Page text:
To control for the normal covariability between dividend and non-dividend stocks, we estimate a regression of each firm’s weekly return for the 129 weeks from January 1995 through the event week (239,296 observations) on two variables: (a) the average return for dividend-paying stocks during the week and (b) a categorical variable for non-dividend-paying stocks in the event week. Inclusion of the average return for dividend-paying stocks should control for normal covariability. The categorical variable should capture any “abnormal” returns to nondividend stocks relative to dividend stocks during the event week.
The coefficient on the categorical variable is 5.79, indicating that non-dividend stocks outperformed dividend stocks after controlling for the normal covariability between dividend and non-dividend stocks. The coefficient estimate is only slightly less than the 6.24 coefficient in Table 2, Panel A, and remains statistically significant. Results are qualitatively insensitive to alternative specifications of the abnormal returns model.
The positive market return for both dividend-paying firms and non-dividend-paying firms during the week is consistent with the budget agreement being good news for the market as a whole. During the week, the Dow Jones Industrial Average rose 6 percent and the Nasdaq
Composite rose 10 percent.16 However, readers should be cautious to infer that the tax cut increased stock prices because the budget accord occurred in the early stages of a surge in stock prices. Specifically, the Dow Jones Industrial Average climbed from under 6400 in mid-April to over 8200 in early August. Nevertheless, the week in question did account for 58 percent of the Dow’s increase and 67 percent of the rise in the Nasdaq Composite in April and May.
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In addition, the Dow Jones Industrial Average and the Nasdaq Composite were largely unchanged in the week preceding and the week following the agreement. The DJIA rose 2 (1) percent in the week preceding (following) the accord week. The Nasdaq rose 1 (0) percent in the week preceding (following) the accord week. Moreover, a casual review of the business press during that week reveals no particularly newsworthy events, other than the accord. Thus, the evidence suggests that investors viewed the budget agreement as favorable regardless of dividend status.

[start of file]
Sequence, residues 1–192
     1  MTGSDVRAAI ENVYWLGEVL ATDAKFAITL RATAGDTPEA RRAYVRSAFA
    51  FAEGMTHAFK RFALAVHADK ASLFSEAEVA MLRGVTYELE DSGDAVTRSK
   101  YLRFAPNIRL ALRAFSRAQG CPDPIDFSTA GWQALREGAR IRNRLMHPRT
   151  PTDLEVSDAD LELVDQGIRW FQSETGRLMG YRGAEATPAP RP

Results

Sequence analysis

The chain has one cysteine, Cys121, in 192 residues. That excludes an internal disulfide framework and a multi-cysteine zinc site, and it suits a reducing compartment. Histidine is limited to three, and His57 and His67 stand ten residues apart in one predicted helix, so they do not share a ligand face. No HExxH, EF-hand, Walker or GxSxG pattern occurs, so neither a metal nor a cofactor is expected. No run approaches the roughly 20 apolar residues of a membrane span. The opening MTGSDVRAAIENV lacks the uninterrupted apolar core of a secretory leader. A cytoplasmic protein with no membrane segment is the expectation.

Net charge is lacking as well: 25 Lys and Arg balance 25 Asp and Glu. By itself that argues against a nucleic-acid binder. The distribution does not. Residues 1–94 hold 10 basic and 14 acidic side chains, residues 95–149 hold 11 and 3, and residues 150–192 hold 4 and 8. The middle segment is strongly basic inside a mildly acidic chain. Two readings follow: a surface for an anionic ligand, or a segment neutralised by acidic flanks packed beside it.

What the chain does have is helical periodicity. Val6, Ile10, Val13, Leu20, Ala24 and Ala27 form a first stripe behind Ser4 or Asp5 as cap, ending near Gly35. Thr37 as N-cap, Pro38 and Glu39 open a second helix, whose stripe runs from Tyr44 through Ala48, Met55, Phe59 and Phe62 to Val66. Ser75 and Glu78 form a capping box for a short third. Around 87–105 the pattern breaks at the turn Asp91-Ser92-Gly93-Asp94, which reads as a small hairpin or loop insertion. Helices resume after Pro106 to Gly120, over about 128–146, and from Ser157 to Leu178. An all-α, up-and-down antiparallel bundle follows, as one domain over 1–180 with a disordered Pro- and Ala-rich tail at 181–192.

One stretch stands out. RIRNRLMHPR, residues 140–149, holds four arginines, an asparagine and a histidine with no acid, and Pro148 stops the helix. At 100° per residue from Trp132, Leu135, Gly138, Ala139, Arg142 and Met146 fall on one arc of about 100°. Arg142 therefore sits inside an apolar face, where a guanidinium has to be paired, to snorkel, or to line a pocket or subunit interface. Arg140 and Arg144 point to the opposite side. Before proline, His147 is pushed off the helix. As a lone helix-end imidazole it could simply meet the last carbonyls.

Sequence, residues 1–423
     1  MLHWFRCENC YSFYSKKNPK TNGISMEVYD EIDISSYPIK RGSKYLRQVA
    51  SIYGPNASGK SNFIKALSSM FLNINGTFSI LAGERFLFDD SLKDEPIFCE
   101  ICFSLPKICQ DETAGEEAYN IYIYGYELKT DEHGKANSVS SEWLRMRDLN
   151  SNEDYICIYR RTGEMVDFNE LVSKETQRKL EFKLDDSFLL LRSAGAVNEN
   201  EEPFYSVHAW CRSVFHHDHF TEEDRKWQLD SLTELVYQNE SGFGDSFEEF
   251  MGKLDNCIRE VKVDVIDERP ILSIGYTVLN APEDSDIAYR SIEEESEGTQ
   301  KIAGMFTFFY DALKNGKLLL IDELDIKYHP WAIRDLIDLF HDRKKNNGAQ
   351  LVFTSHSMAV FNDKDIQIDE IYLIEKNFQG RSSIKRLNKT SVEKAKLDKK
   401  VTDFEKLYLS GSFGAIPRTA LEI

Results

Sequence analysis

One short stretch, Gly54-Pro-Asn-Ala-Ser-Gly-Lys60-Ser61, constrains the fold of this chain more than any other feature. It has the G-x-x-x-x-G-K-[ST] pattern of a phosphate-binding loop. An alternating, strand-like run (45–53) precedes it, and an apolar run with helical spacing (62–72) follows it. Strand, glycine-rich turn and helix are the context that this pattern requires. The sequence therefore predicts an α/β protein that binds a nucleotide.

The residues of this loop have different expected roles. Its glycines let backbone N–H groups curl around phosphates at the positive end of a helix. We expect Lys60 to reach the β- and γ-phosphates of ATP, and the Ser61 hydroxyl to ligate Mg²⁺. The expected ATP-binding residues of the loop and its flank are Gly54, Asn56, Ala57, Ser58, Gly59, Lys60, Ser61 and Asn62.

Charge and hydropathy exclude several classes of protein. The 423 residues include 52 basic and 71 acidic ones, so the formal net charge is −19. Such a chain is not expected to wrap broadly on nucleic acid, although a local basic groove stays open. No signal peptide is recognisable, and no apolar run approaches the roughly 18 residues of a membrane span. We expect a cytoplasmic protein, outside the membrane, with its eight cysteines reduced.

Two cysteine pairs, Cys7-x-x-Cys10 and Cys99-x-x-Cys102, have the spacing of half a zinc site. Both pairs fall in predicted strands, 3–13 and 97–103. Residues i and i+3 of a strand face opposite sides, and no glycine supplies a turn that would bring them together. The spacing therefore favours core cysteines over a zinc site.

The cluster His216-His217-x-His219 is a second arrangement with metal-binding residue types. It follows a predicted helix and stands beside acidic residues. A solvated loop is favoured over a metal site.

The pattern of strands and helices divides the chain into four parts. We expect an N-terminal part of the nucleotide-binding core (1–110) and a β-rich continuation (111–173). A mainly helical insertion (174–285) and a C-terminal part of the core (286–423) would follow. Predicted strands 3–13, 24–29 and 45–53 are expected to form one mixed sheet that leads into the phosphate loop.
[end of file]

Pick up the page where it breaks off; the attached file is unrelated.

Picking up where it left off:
At a minimum, the sharp rise in share prices following the accord overwhelmed any possible sell-off of appreciated securities. Recall that the business press widely reported that the capital gains tax rate cut would unleash selling pressure that would drive down the prices of stocks that had already appreciated. In addition, this paper provides no evidence supporting a reduction in transaction costs, arising from sellers demanding less compensation for capital gains taxes following the rate reduction.
The results imply that any downward price movement caused by sell-offs or by reduced transaction costs was more than offset by upward price pressures. Specifically, the DJIA increased on May 7, the effective date for the lower rates, and during the week beginning with May 7. By the end of the month, the DJIA (Nasdaq) had risen 1.6 (4.8) percent since May 6.